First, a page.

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Reap What You Til

Til Schweiger is probably the biggest star in the German film industry today. He recalls the rugged masculinity of the likes of William Holden. Schweiger became a star with the release of the social comedy Der Bewegte Mann (Maybe … Maybe Not in the U.S.) in 1994 and has managed a career that has encompassed high and low brow…

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It’s an (Organic) Wrap

Las Vegas – There was a lot to digest at the recently concluded Showest convention, ranging from matters of life and death (digital conversion, access to diverse movies) to the frankly frivolous (healthier snack foods). On balance, one left with the sense that at least the distribution sector was 1) on relatively stable economic ground and 2)…

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It Was the Showest of Times, It Was the Showorst of Times

The film industry ought to be giddy. Box office is booming thanks to a pair of 3D movies; namely Avatar and Alice in Wonderland. Attendance is up; people, according to industry statistics, are going more often and rate the experience with four stars. Yet, apart from the rare instance of hyperbole, you’d have to characterize the mood…

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Confessions of a Festival Junkie …

Despite avid research I’ve been stumped. The wag who observed that when one receives something for free, the value is commensurate with the cost (or words to that effect) appears to have been lost to time. I’ve certainly employed that theorem over the years and it’s something I’ve believed/experienced without exception. So, the first blush…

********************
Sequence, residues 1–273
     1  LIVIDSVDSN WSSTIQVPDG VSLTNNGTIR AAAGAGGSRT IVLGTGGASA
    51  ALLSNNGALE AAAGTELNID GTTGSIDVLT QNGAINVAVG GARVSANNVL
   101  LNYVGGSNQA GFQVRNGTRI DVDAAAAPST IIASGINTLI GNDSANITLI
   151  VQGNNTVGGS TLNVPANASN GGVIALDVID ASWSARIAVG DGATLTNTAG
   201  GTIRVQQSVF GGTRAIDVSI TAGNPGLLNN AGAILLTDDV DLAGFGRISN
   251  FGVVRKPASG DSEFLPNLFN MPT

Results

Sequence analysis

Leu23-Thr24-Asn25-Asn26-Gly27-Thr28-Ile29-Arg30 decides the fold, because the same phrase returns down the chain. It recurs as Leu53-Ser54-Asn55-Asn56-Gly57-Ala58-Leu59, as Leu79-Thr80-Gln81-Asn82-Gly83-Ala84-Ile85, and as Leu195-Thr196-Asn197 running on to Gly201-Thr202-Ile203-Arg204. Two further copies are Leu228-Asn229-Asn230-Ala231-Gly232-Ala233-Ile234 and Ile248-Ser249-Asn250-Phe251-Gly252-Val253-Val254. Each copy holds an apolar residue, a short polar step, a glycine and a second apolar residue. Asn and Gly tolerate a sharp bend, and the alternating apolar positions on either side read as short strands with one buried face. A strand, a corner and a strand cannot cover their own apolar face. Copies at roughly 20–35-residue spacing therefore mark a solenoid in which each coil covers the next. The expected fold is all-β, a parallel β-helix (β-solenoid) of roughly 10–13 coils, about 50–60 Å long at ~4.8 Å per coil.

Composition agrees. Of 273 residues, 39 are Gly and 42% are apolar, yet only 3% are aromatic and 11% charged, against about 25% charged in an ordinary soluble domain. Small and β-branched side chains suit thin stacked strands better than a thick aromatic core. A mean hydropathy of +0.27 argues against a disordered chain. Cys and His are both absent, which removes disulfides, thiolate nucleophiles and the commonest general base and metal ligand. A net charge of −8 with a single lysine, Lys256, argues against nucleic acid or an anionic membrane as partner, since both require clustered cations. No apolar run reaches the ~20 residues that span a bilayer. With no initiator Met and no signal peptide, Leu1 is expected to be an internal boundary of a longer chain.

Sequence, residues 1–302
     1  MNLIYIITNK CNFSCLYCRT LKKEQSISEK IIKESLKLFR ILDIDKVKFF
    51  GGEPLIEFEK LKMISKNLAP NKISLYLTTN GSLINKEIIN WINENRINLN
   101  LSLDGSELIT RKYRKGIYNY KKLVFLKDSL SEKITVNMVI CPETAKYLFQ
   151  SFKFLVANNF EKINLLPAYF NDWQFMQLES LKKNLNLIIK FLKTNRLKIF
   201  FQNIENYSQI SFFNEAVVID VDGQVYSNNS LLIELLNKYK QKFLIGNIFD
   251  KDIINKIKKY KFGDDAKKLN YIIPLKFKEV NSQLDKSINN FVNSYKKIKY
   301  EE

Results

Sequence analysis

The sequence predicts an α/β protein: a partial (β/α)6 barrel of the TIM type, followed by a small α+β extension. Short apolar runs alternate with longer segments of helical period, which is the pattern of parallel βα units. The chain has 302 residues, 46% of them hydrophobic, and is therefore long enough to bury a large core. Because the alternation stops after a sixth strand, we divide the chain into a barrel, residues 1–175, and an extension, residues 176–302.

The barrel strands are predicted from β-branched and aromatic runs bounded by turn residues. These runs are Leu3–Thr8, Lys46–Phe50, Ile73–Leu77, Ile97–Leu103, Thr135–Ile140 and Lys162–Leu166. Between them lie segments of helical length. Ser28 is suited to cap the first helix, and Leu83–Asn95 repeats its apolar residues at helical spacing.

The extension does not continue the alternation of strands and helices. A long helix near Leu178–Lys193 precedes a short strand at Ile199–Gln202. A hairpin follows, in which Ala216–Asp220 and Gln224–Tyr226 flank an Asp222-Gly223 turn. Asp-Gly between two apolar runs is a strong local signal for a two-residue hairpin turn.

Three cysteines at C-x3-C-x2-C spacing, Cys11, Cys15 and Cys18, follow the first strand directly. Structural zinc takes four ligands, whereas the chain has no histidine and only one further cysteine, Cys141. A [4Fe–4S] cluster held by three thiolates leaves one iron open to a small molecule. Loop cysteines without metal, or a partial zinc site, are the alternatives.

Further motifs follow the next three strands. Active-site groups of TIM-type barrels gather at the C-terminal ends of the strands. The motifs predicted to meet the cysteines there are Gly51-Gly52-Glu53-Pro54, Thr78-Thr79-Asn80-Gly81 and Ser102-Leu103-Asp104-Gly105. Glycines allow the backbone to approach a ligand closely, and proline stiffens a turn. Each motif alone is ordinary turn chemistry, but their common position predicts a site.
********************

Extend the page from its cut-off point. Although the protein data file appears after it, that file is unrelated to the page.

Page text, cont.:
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Festival in …

They don’t have car shows in Detroit. But in Los Angeles — a once near-moribund venue for alternative cinema — the landscape is rife with celebrations of the seventh art. The unprepossessing-sounding Los Angeles Film Festival is one of two annual events (the other, AFI Fest, unspools in November) that at least on paper strive…

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The Eye of the Navel 2008

(Something Like a Top 10 List) Stop me if you’ve heard this one before. Compiling a “best of” list reflects one’s mood on the day of doing the deed. The films most recently seen are advantaged because one’s had less time to ruminate about their qualities. Today I’m feeling more magnanimous than usual and have…

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Last One Out Turns Off the Lights

The traditional glib article about the American Film Market will talk about the parade of Troma characters parading in front of the Loew’s Santa Monica Hotel. Or, it will highlight the weird exploitation titles being sold (I Ate His Liver with Fava Beans) or the busty women handing out pamphlets and trade papers. Regardless, there’s…

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Que la Fete Commence 2

The expression goes “that if I had a nickel for every time I (fill in the blank), I’d be a millionaire.” What crosses my mind at this particular point in time is the number of articles and words I’ve committed to film festivals. In a broad sense it can be boiled down to: the role…

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Paul Newman

You knew something was wrong when Paul Newman announced that he was retiring from acting a couple of years ago. Oh, there had been others that had made it “official” in the past. Cary Grant stuck to his guns and Cagney stayed out of the picture for two decades until his doctor ordered him back to work. Grace…